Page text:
BLIGH, William (1754-1817) and Fletcher CHRISTIAN (fl. 1789). Manuscript fragment signed (''Wm Bligh'' and Fler Christian''), also signed by other members of the crew of H.M.S. Bounty, Matavai Bay, Otaheite (Tahiti), 1 December 1788. 2 pages, the lower half of a quarto sheet, probably from a ledger, light dampstain along bottom edge, a tear repaired.
BLIGH, William (1754-1817) and Fletcher CHRISTIAN (fl. 1789). Manuscript fragment signed ("Wm Bligh" and Fler Christian"), also signed by other members of the crew of H.M.S. Bounty, Matavai Bay, Otaheite (Tahiti), 1 December 1788. 2 pages, the lower half of a quarto sheet, probably from a ledger, light dampstain along bottom edge, a tear repaired.
A VERY FINE FRAGMENT FROM THE H.M.S. BOUNTY, SIGNED BY CAPT. BLIGH AND THE LEADER OF THE MUTINY AGAINST HIM, FLETCHER CHRISTIAN
On one side the ship's officers attest: "...we are ready to make oath to the Impartiality of our proceedings. In witness thereof... on board the said ship..." Beneath are the signatures of the ship's Master, John Fryer, Botswain William Cole and Masters Mates Fletcher Christian and William Elphinstone. On the verso is Captain Bligh's subscription: "Given under my hand on board His Majesty's Arm'd vessel Bounty in Matavai Bay Otaheite..."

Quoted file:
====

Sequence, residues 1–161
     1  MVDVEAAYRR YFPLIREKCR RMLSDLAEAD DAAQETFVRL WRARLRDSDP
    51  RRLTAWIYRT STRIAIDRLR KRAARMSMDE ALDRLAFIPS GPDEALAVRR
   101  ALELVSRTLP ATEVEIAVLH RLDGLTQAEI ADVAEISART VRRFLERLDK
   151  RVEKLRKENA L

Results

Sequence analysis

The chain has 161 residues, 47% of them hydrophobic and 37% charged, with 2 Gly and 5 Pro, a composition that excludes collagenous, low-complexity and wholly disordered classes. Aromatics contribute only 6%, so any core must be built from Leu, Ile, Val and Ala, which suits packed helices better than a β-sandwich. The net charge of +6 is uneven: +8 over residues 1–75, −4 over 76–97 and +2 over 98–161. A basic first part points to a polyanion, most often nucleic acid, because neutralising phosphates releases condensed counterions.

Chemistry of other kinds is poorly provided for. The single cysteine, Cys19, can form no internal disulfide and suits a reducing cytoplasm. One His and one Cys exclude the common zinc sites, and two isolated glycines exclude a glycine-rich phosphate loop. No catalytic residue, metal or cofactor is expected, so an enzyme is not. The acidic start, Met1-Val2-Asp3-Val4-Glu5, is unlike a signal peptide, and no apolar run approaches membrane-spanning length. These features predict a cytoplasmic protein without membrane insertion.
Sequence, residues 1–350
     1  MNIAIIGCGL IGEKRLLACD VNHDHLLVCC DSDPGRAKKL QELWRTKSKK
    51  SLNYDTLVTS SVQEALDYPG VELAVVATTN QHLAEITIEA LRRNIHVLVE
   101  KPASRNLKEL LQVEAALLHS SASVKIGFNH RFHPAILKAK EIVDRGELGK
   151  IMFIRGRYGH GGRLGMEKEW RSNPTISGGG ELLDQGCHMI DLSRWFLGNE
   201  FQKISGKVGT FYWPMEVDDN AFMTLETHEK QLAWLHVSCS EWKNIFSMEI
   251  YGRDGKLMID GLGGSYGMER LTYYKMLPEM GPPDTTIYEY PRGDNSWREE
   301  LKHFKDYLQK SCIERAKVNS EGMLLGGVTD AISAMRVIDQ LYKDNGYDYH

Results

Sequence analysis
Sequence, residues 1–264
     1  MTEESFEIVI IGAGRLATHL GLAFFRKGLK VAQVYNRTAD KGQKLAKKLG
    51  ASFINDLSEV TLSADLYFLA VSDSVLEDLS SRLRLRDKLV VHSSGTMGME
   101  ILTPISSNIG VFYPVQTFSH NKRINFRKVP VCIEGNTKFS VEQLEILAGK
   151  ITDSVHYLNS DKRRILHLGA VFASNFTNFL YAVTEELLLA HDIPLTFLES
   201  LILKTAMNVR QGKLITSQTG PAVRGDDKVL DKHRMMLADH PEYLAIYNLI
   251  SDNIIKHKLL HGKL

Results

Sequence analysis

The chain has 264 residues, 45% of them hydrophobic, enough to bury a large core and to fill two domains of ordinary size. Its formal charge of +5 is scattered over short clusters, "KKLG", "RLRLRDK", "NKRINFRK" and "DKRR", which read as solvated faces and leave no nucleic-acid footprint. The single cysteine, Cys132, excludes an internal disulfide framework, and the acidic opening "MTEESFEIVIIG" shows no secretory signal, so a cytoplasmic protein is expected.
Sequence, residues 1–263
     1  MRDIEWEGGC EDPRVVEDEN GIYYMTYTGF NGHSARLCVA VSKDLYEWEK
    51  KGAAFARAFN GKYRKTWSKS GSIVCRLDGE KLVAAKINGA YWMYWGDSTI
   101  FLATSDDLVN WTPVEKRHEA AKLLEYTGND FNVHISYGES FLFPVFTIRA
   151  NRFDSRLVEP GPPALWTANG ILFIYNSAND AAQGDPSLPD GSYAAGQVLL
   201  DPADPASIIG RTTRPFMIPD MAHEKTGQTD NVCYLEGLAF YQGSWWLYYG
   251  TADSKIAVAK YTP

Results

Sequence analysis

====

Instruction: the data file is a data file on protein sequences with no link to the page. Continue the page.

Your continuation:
The Bounty had been anchored at Matavai Bay since October while obtaining bread-fruit seedlings for transport to the West Indies. On 28 April 1789 the mutineers rallied under the leadership of Fletcher Christian to take control of the ship and cast Bligh and 18 other members of the crew adrift in a longboat. Christian, who was acting lieutenant and second-in-command, was especially the victim of Bligh's renowned temper, which in distant seas was uncontrolled, and on 27 April Christian had been the object of the most abusive insults. He at first concluded that he would leave the Bounty on a small raft, but unable to carry out his plan overnight, he seized the opportunity the following morning of taking charge of the ship and sending Bligh adrift instead. Other sailors joined the mutiny and within minutes Christian's plan was executed. As Bligh was hurried into the boat he attempted to speak but was ordered to remain silent. The Boatswain Cole, a co-signer of this fragment, tried to reason with Christian. Christian responded: "No, tis too late; I've been in hell for this fortnight past, and am determined to bear it no longer. You know, Mr. Cole, that I've been treated like a dog all the voyage." Boatswain Cole, along with Bligh, made the 3,000 mile voyage to safety in Timor. On his return to England, Bligh published an account favorable to himself, but evidence suggests that the mutiny was caused by his own tyrannical conduct.
It is possible that the present document was among the papers and logs which Bligh and his party took with them in the launch. According to American Book Prices Current, this is the only document bearing the signatures of both Bligh and Christian to appear at auction in the last thirty years. Provenance: Calvin Bullock, sold Christie's New York, 19 December 1986, lot 10.